In the November 13, 2020 episode of ( Season 12, Episode 5), two earnest entrepreneurs, Ken and Allyson, try to persuade five investors, the “sharks,” to buy into their company. The entrepreneurs sell LIFTiD, a device that applies a small steady current to the forehead. Ken said it’s supposed to improve “productivity, focus, and performance.” Allyson claimed it’s a “smarter way to get a… boost of energy.”
The device is based on transcranial direct current stimulation (tDCS). In 2009 I published an editorial in the journal Clinical Neurophysiology to accompany a paper appearing in the same issue by Pedro Miranda and his colleagues (Clin. Neurophysiol., Volume 120, Pages 1183–1187, 2009), in which they calculated the electric field in the brain caused by a 1 mA current applied to the scalp. I wrote
Although Miranda et al.’s paper is useful and enlightening, one crucial issue is not addressed: the mechanism of tDCS. In other words, how does the electric field interact with the neurons to modulate their excitability? Miranda et al. calculate a current density in the brain on the order of 0.01 mA/cm2, which corresponds to an electric field of about 0.3 V/m (a magnitude that is consistent with other studies (Wagner et al., 2007)). Such a small electric field should polarize a neuron only slightly. Hause’s model of a single neuron predicts that a 10 V/m electric field would induce a transmembrane potential of 6–8 mV (Hause, 1975), implying that the 0.3 V/m electric field during tDCS should produce a transmembrane potential of less than 1 mV. Can such a small polarization significantly influence neuron excitability? If so, how? These questions perplex me, yet answers are essential for understanding tDCS. Detailed models of the cortical geometry and brain heterogeneities may be necessary to address this issue (Silva et al., 2008), but ultimately the response of the neuron (or network of neurons) to the electric field must be included in the model in order to unravel the mechanism. Moreover, because the effect of tDCS can last for up to an hour after the current turns off (Nitsche et al., 2008), the mechanism is likely to be more complicated than just neural polarization.
My participation in the field of transcranial direct current stimulation started and ended with writing this editorial. However, I still follow the literature, and was was fascinated by a recent article by Luuk van Boekholdt and his coworkers in Molecular Psychiatry (Volume 26, Pages 456–461, 2021). Their abstract says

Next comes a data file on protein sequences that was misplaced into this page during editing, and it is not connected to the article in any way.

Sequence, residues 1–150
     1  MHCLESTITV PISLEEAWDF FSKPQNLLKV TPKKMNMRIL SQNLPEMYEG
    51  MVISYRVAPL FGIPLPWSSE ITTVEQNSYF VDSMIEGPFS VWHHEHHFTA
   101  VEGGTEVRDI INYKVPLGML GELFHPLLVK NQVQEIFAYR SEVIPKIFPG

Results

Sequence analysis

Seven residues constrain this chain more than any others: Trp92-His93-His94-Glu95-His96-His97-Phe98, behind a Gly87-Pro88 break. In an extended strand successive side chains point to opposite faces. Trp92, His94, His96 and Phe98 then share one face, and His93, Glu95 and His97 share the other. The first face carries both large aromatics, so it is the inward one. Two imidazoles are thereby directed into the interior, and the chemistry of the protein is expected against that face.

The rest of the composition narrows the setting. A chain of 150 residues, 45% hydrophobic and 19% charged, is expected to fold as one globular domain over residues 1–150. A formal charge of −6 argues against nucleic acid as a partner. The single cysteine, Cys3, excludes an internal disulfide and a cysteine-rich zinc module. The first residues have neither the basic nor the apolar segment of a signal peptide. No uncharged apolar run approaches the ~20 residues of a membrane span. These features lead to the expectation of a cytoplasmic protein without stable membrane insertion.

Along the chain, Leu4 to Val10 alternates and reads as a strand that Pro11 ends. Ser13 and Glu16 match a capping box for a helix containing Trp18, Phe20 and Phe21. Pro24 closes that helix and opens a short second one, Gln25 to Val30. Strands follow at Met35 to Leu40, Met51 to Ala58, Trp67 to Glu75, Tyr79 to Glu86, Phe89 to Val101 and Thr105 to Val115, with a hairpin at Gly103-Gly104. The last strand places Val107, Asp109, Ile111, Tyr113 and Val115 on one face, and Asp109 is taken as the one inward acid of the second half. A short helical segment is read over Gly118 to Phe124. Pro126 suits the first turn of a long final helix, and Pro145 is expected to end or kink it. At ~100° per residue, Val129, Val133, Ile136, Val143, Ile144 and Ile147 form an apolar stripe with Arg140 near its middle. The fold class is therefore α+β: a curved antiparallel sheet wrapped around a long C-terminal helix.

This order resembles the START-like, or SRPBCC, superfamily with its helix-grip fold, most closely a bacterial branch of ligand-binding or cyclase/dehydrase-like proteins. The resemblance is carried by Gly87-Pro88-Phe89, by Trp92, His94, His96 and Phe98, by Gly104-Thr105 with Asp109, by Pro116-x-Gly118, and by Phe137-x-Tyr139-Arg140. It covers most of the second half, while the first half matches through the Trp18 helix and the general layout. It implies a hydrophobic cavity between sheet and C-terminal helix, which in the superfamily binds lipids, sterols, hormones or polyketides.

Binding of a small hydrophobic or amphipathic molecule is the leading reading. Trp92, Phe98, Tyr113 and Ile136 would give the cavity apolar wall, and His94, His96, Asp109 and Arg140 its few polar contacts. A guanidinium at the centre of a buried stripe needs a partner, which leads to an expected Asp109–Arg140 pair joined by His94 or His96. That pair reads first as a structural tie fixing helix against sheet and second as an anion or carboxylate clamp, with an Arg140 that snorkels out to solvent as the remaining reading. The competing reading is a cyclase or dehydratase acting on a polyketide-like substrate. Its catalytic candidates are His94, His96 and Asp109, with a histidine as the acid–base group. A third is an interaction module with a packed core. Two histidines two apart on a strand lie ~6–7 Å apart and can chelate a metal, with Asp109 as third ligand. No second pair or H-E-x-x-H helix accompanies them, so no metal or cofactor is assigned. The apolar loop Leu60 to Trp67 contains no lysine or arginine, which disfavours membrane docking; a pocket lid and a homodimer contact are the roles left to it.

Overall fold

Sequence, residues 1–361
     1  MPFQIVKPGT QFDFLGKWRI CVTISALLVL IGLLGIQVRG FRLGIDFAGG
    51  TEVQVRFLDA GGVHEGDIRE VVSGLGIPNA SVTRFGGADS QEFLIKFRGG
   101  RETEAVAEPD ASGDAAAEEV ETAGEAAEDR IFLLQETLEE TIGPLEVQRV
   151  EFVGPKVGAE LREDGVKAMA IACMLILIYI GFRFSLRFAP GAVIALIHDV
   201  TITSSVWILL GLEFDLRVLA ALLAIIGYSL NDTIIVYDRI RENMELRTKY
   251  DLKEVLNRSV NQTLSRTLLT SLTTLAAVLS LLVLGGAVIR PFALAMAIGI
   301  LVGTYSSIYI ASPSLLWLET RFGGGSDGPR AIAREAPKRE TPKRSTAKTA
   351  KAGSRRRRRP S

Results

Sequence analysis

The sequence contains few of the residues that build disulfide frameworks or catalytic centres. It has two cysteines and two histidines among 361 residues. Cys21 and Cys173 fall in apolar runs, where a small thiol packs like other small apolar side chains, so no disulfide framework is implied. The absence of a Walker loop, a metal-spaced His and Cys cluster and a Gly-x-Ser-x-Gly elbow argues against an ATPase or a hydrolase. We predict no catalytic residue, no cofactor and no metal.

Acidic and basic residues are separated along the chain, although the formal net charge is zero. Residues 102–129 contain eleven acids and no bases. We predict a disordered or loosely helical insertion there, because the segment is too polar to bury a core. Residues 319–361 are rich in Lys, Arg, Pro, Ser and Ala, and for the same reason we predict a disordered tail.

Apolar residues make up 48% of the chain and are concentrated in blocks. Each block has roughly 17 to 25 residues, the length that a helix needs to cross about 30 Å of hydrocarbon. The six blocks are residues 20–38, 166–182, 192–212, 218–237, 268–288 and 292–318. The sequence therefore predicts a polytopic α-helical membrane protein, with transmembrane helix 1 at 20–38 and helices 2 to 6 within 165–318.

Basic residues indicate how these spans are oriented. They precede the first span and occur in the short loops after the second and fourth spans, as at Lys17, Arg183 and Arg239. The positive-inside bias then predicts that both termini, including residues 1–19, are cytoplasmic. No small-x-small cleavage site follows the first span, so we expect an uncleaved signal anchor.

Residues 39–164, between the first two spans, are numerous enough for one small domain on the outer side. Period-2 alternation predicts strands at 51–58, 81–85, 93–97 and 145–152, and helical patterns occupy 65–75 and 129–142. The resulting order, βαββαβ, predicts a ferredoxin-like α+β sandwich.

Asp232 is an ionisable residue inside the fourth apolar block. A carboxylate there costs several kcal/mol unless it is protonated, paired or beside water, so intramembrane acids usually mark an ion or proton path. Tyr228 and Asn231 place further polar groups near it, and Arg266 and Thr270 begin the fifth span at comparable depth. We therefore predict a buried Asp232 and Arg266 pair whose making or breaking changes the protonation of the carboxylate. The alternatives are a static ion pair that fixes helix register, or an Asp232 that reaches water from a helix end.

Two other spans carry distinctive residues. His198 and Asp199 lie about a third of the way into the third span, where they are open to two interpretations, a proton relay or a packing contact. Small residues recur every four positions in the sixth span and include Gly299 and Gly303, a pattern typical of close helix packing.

Transcranial direct current stimulation (tDCS) is a noninvasive neuromodulation method widely used by neuroscientists and clinicians for research and therapeutic purposes. tDCS is currently under investigation as a treatment for a range of psychiatric disorders. Despite its popularity, a full understanding of tDCS’s underlying neurophysiological mechanisms is still lacking. tDCS creates a weak electric field in the cerebral cortex which is generally assumed to cause the observed effects. Interestingly, as tDCS is applied directly on the skin, localized peripheral nerve endings are exposed to much higher electric field strengths than the underlying cortices. Yet, the potential contribution of peripheral mechanisms in causing tDCS’s effects has never been systemically investigated. We hypothesize that tDCS induces arousal and vigilance through peripheral mechanisms. We suggest that this may involve peripherally-evoked activation of the ascending reticular activating system, in which norepinephrine is distributed throughout the brain by the locus coeruleus. Finally, we provide suggestions to improve tDCS experimental design beyond the standard sham control, such as topical anesthetics to block peripheral nerves and active controls to stimulate non-target areas. Broad adoption of these measures in all tDCS experiments could help disambiguate peripheral from true transcranial tDCS mechanisms.
When the sharks tried the LIFTiD device, they each could feel a tingling shock on their scalp. If van Boekholdt et al.’s suggestion is correct, the titillation and annoyance caused by that shock might be responsible for the effects associated with tDCS. In that case, the method would work even if you could somehow make the skull a perfect insulator, so no current whatsoever could enter the brain. I like how van Boekholdt suggests specific, simple experiments that could test their hypothesis.
If you’re trying to buy a device to improve brain performance, you might not care if it works by directly stimulating the brain or just by exciting peripheral nerves. In fact, you might be able to save money by hiring someone to poke you in the back every few seconds. Do whatever it takes to focus your attention.
Originally published at http://hobbieroth.blogspot.com.